Many ironic similarities between this 100-year expedition and Ernest Shackleton 96 years ago
For people who think cruise expeditions are for light-weights, I suggest you Google the story of the famous English Antarctic explorer Ernest Shackleton. Amazingly, many people have not heard the tale of one of the hardiest men ever to face the rigors of the South Polar Region. Ironically, the recent story of the Russian scientists who were just rescued from an ice pack down below is very similar what happened to Shackleton in 1918 – the difference being that for the former English hero, and his men, it was a two year ordeal of extreme hardship.
I hate to give up the ending, but the challenges that Shackleton, his navigator and a few others faced in order to save his crew were beyond that bounds of human endurance – many times over.
The Akademik Shokalskiy, the ship with Russian scientists that was just stuck in the ice in the Ross Sea last week, was on a “100-year expedition,” to recreate and test conditions down there compared to how they were a century ago. In fact, they expected to find signs of global warming – instead they almost had the same fate as Shackleton did 96 years ago.
In the end, Shackleton’s men survived but his ship was crushed to pieces in the encroaching ice in the first few months. They had to walk out, but these modern-day Russians were lucky enough to have radio and a Chinese rescue ship with a helicopter within 20 miles.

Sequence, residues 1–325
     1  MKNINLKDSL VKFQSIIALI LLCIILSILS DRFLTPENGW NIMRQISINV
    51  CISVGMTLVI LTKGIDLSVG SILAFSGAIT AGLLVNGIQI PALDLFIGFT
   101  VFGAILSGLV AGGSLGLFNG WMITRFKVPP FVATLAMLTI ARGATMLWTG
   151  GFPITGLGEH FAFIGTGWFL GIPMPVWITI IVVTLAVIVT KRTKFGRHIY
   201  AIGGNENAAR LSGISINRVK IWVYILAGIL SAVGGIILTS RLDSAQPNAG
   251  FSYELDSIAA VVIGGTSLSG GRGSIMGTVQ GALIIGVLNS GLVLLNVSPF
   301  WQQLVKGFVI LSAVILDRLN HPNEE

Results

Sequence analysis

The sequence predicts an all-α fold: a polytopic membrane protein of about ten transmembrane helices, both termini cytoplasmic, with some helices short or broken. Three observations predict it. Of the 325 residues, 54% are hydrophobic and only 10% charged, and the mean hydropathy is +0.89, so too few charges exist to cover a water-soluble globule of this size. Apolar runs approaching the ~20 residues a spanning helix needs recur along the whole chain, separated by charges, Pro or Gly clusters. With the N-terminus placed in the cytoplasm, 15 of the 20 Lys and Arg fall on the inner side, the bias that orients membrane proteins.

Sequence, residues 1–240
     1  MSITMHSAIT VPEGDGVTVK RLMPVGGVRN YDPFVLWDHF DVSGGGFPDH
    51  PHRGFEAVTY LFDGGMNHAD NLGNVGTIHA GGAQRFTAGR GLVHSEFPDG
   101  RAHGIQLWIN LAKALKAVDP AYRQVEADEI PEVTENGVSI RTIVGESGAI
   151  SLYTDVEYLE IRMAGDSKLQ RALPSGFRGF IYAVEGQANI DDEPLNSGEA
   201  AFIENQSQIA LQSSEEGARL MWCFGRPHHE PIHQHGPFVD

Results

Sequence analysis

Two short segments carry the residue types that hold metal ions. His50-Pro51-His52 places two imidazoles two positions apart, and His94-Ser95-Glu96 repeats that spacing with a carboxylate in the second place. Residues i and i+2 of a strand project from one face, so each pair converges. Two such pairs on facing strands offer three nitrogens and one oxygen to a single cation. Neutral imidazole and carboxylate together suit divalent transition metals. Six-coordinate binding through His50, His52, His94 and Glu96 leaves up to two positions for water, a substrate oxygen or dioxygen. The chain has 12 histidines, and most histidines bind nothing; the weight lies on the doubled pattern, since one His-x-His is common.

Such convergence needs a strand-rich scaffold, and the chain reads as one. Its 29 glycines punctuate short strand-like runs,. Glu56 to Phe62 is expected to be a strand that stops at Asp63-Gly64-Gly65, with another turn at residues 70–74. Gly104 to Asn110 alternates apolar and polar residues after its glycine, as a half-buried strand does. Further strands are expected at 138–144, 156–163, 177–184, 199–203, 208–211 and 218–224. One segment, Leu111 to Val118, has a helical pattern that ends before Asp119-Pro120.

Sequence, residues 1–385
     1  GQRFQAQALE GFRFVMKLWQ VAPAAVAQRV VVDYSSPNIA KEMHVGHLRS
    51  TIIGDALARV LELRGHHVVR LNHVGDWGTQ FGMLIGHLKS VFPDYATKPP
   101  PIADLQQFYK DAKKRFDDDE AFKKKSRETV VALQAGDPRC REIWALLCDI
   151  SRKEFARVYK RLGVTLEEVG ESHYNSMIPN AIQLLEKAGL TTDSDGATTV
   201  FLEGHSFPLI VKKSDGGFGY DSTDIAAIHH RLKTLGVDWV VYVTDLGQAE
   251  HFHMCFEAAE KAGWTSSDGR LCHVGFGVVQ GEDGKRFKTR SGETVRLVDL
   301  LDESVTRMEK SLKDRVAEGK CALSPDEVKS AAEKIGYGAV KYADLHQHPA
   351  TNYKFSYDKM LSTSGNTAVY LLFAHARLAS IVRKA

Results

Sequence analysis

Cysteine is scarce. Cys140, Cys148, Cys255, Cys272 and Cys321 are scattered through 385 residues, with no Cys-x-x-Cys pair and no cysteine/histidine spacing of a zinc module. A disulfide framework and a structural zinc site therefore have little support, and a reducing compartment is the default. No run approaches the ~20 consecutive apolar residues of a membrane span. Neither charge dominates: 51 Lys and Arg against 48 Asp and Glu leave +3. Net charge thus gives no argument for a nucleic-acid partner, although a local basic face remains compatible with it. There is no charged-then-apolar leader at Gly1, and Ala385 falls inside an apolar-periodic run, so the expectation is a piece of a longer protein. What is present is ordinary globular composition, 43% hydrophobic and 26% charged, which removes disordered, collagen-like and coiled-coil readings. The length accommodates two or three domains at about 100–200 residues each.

The Chinese helicopter picked up the first passengers yesterday from the stranded Russian cruise ship, the Akademik Shokalskiy, stuck in Antarctic pack 100 nautical miles east of the French base Dumont d'Urville, beginning a long delayed rescue mission started December 24th when the ship became trapped in solid ice. The ship has been stuck since December 24 with its crew of 22 and 52 passengers, many of them scientists.
The helicopter, from a nearby Chinese ship, the Xue Long, landed on the ice near the Russian ship, and then flew the passengers to an Australian icebreaker, the Aurora Australis. The Chinese crew members are staying with the ship.
“The Chinese helicopter has arrived @ the Shokalskiy. It's 100% we're off! A huge thanks to all,” said Professor Chris Turney, the head of the scientific mission on the Akademik Shokalskiy. Photos of the rescue effort were posted on Turney’s Twitter page, showing the Russian-built Kamov helicopter touching down on the ice next to the ship.
The Australian Maritime Safety Authority (AMSA), the coordinating body for the rescue, said it had “received confirmation that the safe transfer of all passengers to the Aurora Australis has been completed.”
The rescue operation was expected to take at least five hours, but ended up taking less times, with least five helicopter flights required to ferry all the passengers from the Shokalskiy to the Xue Long, 10 nautical miles away.
The Shokalskiy’s crew of 22 will remain on board. Their fate remains to be seen. It is said they have plenty of supplies, but like Shackleton, who also ignored the advice of locals and set sail into what was described as a dangerous ice pack, this ship could also be crushed to pieces by the force of pack ice unless seasonal conditions change. Of course, January is the height of summer in Antarctica, but even this recent rescue mission had been put off earlier due to the weather conditions last week, according to AMSA.
This has been one of the coldest years on record around the world. The agency described the ship, built by a Finnish shipyard for the Soviet Union in 1982 for polar research, as “fully ice-strengthened.” A team of scientists and tourists on the Akademik Shokalskiy had been retracing a famous Australian Antarctic Expedition from 101 years ago. Let’s just hope that further similarities to the Shackleton expedition do not ensue.